“Runners in a distance race… always try to keep something in reserve for a final sprint. And my contention is that, so far as our bodily health allows, we should aim to be found running the last lap of the race of our Christian life, as we would say, flat out. The final sprint, so I urge, should be a sprint indeed.” (J.I. Packer)

“The essence of sin is we human beings substituting ourselves for God, while the essence of salvation is God substituting himself for us. We put ourselves where only God deserves to be; God puts himself where we deserve to be.” (John Stott, The Cross of Christ)

“The great basis of Christian assurance is not how much our hearts are set on God, but how unshakably his heart is set on us.” (Dr. Timothy Keller)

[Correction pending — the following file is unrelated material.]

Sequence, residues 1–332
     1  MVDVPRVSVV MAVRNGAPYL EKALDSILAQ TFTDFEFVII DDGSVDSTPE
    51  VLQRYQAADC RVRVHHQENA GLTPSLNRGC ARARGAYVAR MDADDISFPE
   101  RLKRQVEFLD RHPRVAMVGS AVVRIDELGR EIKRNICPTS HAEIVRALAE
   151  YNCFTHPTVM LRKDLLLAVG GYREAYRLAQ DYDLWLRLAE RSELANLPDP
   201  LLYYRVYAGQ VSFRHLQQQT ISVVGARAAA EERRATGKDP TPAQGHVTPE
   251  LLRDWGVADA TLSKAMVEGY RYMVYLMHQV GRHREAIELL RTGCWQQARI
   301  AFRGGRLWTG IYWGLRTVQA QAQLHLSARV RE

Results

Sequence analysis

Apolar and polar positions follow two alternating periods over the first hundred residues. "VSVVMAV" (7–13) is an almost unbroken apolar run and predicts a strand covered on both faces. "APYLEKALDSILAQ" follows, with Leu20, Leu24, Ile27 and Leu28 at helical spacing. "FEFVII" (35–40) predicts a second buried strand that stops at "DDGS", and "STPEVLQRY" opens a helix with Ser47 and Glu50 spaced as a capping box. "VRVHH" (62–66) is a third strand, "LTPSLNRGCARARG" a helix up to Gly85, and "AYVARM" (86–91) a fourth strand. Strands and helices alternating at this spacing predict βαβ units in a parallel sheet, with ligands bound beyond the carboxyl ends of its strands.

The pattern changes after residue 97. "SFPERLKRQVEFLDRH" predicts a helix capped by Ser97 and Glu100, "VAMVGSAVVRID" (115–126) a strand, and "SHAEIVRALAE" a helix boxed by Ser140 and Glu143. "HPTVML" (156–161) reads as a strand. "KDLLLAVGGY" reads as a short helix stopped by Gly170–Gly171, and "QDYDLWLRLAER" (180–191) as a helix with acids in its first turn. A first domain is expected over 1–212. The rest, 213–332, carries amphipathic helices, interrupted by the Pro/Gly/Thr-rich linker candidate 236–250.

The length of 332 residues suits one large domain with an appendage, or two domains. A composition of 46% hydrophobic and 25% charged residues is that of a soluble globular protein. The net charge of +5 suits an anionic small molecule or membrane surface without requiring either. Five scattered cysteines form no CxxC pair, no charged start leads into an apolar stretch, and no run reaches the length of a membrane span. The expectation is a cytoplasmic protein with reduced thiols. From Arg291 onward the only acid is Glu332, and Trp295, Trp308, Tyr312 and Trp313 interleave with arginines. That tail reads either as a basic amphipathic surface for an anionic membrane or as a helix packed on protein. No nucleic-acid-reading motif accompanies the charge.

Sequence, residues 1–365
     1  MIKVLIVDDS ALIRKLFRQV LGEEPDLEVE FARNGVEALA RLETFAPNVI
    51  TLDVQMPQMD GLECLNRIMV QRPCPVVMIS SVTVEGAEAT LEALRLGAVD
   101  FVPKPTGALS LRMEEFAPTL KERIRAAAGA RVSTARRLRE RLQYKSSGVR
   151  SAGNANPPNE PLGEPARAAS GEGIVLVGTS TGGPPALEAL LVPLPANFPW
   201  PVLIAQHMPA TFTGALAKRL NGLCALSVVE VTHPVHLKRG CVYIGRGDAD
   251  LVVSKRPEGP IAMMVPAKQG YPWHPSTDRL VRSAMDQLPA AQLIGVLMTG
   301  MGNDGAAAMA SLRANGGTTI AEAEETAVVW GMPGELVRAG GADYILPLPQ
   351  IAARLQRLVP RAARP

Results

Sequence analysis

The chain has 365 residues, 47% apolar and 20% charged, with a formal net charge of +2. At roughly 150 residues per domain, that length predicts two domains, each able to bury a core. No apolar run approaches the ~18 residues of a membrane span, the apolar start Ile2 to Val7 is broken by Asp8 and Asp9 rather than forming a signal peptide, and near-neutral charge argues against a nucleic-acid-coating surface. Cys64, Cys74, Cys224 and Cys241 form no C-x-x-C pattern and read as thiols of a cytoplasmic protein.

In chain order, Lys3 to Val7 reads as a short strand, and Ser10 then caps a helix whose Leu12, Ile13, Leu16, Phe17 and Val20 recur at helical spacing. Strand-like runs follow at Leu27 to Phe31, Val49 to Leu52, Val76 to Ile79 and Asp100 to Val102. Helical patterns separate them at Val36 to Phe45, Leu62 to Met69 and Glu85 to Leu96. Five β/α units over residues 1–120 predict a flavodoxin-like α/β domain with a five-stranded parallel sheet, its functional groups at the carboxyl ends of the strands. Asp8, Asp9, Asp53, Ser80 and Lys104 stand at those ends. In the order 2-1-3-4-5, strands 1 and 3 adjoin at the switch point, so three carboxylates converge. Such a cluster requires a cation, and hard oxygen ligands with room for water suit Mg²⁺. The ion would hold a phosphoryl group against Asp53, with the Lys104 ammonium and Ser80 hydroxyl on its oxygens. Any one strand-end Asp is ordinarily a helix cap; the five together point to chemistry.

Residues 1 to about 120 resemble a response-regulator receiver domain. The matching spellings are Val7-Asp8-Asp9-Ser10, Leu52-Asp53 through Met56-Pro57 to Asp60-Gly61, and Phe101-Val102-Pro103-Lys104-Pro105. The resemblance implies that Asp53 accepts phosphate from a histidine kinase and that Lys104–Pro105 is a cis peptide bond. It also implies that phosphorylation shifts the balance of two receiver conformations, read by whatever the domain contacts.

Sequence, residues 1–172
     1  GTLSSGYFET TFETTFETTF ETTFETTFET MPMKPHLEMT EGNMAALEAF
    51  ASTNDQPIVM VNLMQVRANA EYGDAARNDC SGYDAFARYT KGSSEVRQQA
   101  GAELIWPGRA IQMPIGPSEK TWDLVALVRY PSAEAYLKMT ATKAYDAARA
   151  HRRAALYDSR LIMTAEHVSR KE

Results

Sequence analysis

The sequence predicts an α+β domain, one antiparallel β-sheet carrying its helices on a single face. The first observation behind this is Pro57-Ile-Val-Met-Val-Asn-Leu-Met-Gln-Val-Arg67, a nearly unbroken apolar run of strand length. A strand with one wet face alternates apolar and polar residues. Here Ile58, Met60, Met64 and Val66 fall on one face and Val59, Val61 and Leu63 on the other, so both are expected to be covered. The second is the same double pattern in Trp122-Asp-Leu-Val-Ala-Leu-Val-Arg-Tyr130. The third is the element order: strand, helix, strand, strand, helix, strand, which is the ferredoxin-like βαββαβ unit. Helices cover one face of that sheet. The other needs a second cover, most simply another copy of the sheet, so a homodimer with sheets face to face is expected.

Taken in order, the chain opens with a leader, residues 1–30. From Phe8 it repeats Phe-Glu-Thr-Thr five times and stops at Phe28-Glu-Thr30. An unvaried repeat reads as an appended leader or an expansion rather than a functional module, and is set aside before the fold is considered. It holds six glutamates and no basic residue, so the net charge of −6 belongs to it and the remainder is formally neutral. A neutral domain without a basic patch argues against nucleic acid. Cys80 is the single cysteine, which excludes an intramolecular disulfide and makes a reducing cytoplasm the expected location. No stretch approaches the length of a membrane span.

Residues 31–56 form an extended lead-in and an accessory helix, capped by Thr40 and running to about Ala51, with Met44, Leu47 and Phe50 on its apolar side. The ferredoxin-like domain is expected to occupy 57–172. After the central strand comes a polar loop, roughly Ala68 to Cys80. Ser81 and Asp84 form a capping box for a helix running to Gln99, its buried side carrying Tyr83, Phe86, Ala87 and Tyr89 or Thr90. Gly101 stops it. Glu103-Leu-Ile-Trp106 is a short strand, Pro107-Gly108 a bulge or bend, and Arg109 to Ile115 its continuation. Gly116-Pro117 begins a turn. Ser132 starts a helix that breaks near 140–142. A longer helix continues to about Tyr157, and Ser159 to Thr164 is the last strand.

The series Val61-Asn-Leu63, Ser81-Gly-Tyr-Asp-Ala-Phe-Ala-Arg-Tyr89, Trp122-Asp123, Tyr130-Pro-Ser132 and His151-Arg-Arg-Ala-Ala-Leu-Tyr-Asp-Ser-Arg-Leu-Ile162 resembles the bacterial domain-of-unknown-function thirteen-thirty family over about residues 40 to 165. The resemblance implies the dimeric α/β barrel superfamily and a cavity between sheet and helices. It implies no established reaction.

“To forgive is to set a prisoner free and discover that the prisoner was you.” (Corrie Ten Boom)

“What is becoming a Christian? Becoming a Christian is not only believing truth; it’s finding a treasure (Matthew 13:44). That’s what it means to become a Christian — you find the treasure. And if you find the treasure that is worth your selling everything to have, it’s the greatest treasure imaginable. So, have you found him? I’m not asking if you’re going to church, or if you’ve signed the card, prayed the prayer, or believe doctrines. I’m saying, have you found him? Are you explosively ready to let it all go to have him? Or is he just marginal? To be converted is to find Christ as a treasure.” (John Piper)

“Life changing repentance starts where blame shifting ends. Blame shifting might make you feel good but it won’t change you.” (Dr. Timothy Keller)

“Whether we feel like ‘more than conquerors’ or less than conquerors, or simply conquered, our Father is at work in all things for our good and his glory. No need to pretend; every need to collapse on Jesus, always.” (Scotty Smith)